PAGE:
The concept of suicide being a sin has been with the church for millenia. But where did it come from? (Note: this is not a theological study, but a historical brief.) In reading City of God, Augustine lays out the formal argument quite clearly in Book 1, Chapter 17. The essense of the thought comes down to this: If one is facing the possibility of being killed or wronged by another and they choose suicide in order to avoid potential suffering, then they have sinned themselves instead of allowing themselves to be sinned against. Augustine asks it this way,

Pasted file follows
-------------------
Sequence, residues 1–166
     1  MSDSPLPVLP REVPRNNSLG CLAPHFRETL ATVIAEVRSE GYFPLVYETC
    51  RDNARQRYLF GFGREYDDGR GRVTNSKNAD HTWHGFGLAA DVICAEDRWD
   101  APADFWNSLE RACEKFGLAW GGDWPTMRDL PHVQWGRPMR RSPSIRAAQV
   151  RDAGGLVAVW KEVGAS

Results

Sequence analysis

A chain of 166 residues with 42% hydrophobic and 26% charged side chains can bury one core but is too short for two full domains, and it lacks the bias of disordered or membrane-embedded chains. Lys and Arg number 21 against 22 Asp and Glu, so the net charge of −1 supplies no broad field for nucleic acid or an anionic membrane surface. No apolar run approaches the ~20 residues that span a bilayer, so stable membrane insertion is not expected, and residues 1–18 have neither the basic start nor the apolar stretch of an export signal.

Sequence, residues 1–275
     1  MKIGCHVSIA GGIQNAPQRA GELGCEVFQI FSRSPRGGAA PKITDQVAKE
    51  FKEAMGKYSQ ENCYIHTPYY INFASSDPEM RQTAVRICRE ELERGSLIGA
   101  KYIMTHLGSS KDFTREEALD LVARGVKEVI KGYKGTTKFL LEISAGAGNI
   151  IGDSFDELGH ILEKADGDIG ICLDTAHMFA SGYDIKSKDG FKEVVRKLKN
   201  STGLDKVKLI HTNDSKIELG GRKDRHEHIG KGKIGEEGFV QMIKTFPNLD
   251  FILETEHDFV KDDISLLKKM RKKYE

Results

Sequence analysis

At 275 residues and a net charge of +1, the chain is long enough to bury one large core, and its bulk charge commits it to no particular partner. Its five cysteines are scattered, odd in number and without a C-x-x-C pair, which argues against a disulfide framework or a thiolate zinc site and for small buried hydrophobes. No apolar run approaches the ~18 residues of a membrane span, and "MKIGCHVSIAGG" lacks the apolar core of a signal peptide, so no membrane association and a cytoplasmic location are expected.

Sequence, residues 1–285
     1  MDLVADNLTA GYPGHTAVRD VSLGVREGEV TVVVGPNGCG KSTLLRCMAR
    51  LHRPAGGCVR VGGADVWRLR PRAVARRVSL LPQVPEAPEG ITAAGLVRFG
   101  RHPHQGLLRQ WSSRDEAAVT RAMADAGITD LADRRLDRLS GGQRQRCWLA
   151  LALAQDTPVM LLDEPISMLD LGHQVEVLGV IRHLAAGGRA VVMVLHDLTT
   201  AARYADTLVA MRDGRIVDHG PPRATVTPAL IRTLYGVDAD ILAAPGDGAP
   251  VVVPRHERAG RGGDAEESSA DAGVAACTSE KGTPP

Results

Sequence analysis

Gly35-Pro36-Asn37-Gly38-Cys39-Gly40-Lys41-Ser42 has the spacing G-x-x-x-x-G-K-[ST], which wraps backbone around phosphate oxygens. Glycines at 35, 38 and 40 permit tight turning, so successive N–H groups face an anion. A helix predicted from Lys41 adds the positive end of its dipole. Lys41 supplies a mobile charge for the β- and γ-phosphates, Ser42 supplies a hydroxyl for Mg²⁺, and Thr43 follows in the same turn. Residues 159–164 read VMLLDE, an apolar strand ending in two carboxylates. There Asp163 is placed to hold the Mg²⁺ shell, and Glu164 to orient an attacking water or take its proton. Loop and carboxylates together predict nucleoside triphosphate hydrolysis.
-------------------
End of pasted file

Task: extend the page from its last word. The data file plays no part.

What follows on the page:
Why should you commit a sin against yourself in order to deprive someone else of the chance?
You shouldn’t. We can never be sure of another persons actions, only once we have experienced them is the fate sealed, so why take you life for what might or might not happen. Augustine didn’t address all the reasons why people contemplate killing themselves, but he did address this one reason and has given us some things to contemplate: Is death a viable exit strategy from pain and suffering? In Augustine’s thought, the answer is no. Suffering holds value in this life and the life to come. To seek to avoid suffering is a cowardly way to live.
I wonder what he would say about euthanasia? I think he would argue similarly and deny its veracity. What do you think?